2.2. Effects of DOP and Rhodiola Extract on Body Weight and Organ Indexes

As shown in Figure 2A and Table S1, compared to body weights on the first day, the body weight of control group, DOP group, and Rhodiola extract group all increased during the experiment. When compared to the control group and PC group, DOP had an obvious effect on body weight gain (p < 0.05). Consistently, the food consumption rate of the DOP group increased during the course of the experiment when compared to the food consumption rate of control group, positive group, and normal group (Figure 2B and Table S2, p < 0.05).
The organ indexes of liver, heart, kidney, and spleen were further evaluated. Oral administration of DOP and Rhodiola extract at 50 mg/kg and 100 mg/kg, respectively, for four weeks and swimming test slightly, but not significantly, ameliorated the organ index of heart (Figure 3C and Table S3), liver (Figure 3A and Table S3), kidney (Figure 3B and Table S3). As shown in Figure 3D and Table S3, the spleen index of the control group decreased slightly after weight-loaded swimming test compared to that of the normal group, but the spleen index of the DOP group was increased slightly compared to that of the control group. Strikingly, Rhodiola extract remarkably increased the organ index of spleen in comparison with that of control group (Figure 3D and Table S3, p < 0.01).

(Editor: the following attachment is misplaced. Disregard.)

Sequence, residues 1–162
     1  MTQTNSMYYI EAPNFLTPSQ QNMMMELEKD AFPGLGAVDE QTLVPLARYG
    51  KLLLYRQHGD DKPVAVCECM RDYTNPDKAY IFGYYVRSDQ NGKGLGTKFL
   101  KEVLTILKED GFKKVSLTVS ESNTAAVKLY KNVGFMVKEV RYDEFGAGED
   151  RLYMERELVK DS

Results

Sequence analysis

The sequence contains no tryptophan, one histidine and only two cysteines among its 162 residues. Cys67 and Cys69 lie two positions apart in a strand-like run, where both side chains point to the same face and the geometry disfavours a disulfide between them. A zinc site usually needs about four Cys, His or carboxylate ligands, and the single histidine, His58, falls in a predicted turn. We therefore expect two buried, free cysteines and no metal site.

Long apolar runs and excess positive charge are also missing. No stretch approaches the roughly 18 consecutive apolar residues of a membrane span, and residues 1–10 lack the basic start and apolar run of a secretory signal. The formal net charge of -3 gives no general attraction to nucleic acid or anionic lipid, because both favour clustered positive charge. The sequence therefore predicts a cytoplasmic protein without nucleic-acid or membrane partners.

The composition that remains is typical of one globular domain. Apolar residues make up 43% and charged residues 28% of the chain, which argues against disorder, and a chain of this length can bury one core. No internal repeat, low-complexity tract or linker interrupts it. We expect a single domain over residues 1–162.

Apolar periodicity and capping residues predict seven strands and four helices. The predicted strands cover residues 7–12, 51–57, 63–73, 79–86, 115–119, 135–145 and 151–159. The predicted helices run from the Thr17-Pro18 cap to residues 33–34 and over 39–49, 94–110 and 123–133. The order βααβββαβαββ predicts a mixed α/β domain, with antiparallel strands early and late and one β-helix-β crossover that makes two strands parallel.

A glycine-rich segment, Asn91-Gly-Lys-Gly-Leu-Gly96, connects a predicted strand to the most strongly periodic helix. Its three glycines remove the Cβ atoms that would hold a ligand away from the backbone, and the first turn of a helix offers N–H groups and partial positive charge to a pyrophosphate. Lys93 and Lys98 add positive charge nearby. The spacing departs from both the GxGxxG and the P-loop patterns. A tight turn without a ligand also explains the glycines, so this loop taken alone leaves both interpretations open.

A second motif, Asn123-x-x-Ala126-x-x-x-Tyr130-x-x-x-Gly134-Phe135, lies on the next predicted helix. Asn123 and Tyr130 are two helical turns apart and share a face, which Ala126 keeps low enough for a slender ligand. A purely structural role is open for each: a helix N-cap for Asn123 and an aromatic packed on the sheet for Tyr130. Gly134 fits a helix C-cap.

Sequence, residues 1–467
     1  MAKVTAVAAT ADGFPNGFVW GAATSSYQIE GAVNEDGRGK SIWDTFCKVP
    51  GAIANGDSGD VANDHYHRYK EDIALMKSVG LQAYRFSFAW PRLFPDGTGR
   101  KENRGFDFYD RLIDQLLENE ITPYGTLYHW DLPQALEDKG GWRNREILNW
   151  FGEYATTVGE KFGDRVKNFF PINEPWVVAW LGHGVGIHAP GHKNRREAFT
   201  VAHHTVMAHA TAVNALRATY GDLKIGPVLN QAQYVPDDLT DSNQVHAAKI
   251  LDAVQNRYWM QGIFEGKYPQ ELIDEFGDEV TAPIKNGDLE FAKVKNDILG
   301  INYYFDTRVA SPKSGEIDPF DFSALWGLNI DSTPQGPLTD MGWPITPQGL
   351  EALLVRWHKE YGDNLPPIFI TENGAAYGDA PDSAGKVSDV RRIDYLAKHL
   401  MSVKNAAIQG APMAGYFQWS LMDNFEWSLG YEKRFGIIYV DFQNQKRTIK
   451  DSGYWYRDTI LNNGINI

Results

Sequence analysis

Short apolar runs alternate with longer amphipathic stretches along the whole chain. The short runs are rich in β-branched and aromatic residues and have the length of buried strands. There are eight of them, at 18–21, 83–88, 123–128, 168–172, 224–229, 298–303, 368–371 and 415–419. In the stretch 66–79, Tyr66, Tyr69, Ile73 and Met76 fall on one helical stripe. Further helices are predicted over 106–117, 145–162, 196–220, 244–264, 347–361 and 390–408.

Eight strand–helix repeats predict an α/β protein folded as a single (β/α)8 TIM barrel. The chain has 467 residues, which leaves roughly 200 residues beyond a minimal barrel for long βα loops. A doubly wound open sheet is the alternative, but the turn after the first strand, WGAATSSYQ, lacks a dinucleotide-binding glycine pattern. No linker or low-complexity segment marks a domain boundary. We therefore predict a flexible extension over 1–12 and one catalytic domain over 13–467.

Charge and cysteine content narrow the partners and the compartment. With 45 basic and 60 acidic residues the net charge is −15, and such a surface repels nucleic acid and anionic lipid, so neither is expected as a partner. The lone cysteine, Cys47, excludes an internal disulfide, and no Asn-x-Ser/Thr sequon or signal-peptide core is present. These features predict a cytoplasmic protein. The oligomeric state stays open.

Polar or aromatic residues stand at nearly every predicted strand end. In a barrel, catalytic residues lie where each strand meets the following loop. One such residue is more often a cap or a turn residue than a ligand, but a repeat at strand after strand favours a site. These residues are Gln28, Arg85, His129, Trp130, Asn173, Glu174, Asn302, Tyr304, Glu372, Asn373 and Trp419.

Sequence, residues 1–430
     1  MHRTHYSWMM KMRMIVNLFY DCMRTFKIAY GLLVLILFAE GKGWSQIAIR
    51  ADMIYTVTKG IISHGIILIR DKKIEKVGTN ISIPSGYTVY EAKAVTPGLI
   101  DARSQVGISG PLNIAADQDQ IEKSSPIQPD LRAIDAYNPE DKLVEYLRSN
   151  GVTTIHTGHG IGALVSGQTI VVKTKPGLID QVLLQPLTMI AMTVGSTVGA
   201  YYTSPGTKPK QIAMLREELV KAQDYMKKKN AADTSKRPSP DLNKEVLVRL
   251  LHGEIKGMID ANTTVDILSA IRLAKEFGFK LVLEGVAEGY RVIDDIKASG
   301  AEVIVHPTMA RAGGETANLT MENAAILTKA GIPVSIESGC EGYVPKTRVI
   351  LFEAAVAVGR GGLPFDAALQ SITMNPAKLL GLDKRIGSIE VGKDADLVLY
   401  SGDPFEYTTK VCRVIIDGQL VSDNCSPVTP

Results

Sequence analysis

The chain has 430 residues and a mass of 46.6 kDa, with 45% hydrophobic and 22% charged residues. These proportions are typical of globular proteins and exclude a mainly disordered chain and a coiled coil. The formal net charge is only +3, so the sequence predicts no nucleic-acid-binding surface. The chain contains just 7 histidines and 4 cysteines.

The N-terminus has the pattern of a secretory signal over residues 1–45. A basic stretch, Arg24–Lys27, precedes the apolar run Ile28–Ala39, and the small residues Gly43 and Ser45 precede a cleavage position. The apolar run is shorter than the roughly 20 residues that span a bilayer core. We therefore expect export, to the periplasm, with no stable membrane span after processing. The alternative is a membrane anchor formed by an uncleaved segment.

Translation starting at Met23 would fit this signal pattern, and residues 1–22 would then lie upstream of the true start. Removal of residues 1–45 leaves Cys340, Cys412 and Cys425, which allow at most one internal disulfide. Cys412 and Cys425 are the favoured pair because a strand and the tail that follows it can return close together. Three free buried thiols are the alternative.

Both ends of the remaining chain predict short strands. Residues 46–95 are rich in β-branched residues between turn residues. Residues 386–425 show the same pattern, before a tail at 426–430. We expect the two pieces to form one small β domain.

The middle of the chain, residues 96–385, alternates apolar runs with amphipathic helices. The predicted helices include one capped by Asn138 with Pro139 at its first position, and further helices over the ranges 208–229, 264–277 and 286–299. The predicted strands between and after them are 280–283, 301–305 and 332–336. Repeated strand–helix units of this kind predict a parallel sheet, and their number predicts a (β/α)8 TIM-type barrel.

2.3. Effects of DOP and Rhodiola Extract on Serum Biochemical Parameters

Blood biochemical parameters were determined to clarify the anti-fatigue mechanism. As shown in Figure 4, the weight-loaded and forced swimming test induced an increase of LDH, CK, TG, MDA, and LD levels in serum of mice in the control group, compared to the normal group. These effects were partially attenuated by DOP and Rhodiola extract. By contrast, exposure to the forced swimming test led to a decrease in GSH-Px level of the control group, and this effect was blocked by DOP and Rhodiola extract. Similar effects also observed in the SOD level, in which the decrease in control group was not so significant.

2.4. Effects of DOP and Rhodiola Extract on Glycogen in Liver and Gastrocnemius Muscle